The only two things I really want from a gym is open space for some movement drills, and a set of Olympic Rings, and Raw has both. There is only one set of Olympic Rings, but I’ve never seen anyone other than me use them so I’ve never had to queue for them.
Knowledge is power and although I arrived at this gym with my own training routine, I was happy to meet with one of the Raw Personal Trainers and he gave me some new exercises to add to my routine – its always good to get a fresh perspective, you might learn something. Classes, of which there are loads, are free for members and I’ve been training handstand work Lauren Sweeney and flexibility with Kate Finegan. Between the Personal Trainer, Lauren, and Kate, I’ve made changes to the way I train for the better.
Aside from that, the price is reasonable, the changing room clean, the lockers are decent but could do with an update. Overall, a good gym which I’d recommend and that I’ll keep using as long as circumstances require it.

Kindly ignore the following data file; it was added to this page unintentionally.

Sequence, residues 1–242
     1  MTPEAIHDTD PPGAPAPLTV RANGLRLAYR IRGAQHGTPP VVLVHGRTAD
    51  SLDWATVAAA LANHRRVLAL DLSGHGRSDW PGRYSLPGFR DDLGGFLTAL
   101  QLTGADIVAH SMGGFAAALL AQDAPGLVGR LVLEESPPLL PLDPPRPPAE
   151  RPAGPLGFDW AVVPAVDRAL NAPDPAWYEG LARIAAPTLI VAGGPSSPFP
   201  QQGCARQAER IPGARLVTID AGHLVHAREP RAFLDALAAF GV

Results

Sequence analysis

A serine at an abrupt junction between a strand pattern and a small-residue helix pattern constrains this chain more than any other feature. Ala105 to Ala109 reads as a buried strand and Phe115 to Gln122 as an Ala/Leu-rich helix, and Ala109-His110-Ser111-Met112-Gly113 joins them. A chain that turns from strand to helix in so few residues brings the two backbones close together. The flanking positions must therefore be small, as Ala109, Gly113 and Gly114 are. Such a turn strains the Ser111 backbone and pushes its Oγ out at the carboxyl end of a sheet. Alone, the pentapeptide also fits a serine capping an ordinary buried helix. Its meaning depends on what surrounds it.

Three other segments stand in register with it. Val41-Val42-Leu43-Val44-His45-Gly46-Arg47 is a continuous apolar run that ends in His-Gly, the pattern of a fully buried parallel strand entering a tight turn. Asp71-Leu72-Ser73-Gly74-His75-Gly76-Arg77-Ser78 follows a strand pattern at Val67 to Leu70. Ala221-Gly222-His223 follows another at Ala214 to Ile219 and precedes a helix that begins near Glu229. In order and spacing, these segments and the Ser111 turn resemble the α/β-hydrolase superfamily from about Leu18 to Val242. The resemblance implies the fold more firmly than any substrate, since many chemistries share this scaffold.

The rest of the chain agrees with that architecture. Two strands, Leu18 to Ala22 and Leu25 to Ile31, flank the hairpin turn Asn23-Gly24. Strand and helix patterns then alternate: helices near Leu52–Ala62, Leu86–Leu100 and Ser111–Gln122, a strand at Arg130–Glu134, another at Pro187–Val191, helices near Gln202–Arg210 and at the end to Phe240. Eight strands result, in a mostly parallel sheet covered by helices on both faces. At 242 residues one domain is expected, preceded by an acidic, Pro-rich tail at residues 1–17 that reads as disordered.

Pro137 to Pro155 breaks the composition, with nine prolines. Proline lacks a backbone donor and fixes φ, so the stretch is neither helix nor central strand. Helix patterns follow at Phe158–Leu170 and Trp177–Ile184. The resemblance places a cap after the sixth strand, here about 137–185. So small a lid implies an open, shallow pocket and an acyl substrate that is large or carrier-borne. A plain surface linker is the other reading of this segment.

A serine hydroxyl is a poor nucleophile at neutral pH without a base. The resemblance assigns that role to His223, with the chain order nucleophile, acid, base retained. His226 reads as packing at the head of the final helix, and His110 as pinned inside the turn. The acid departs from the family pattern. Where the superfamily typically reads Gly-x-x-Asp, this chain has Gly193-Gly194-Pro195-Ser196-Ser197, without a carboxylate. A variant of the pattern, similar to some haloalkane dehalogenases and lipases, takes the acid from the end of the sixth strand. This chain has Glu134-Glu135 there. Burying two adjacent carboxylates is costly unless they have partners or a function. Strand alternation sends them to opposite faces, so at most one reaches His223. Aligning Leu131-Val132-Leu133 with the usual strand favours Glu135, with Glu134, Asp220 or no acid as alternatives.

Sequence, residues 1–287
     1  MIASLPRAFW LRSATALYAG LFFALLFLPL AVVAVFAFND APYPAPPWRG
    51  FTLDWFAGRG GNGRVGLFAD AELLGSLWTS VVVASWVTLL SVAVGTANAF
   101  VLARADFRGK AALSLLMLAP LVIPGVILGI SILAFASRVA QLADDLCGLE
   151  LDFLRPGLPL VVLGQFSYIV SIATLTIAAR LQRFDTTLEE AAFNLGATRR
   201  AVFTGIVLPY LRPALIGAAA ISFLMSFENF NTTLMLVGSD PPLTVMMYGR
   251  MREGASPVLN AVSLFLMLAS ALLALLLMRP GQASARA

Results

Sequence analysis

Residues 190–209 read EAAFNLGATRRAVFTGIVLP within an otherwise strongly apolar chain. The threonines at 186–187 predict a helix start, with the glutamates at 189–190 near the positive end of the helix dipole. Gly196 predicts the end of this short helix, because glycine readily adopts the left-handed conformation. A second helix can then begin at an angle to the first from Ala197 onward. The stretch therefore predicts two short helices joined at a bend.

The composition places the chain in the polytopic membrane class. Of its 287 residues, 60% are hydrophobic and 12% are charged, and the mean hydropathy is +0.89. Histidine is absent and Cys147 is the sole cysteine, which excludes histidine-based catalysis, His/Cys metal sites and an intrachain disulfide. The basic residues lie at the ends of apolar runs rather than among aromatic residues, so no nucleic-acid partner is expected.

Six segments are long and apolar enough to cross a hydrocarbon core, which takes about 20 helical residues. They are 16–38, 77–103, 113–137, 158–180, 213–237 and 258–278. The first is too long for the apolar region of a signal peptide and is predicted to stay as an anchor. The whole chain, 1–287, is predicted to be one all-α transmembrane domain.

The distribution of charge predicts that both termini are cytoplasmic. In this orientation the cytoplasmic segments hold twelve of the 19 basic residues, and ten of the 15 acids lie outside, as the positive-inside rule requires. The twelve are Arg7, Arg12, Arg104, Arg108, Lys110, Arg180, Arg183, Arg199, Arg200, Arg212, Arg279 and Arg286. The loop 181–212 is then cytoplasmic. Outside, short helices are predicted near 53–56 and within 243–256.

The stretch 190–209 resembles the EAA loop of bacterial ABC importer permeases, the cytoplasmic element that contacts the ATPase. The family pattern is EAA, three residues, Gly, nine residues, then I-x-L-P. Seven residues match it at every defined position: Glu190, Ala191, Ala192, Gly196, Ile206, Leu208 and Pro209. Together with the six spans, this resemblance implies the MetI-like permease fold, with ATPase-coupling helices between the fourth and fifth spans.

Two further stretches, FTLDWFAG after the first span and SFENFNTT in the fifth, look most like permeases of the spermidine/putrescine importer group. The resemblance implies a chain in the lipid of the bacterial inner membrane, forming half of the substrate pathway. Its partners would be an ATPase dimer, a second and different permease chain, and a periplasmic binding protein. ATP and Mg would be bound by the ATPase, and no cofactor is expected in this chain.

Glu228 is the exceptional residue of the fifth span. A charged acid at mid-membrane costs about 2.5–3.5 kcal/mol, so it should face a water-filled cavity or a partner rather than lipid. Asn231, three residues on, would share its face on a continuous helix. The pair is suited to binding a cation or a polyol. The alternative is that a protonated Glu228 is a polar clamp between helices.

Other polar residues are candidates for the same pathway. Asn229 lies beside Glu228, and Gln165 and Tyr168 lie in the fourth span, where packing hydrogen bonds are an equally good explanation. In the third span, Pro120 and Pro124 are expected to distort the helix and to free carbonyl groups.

I was recently on a months paternity leave. Paternity Leave went something like this:
Wake up in the morning between 6 and 7am, and going to bed at 9pm. Essentially rising and falling with the Sun
Following my work-out routine as normal or as best I can
Lots of time outside, in the fresh air, under the sun, walking baby
Constantly on my feet – the days passed so quickly taking care of baby and trying to get everything done
I returned to the office this week and my routine was something like this:
My day revolves around a 9 to 5 schedule
Workouts are either done very early in the morning, or very late in the evening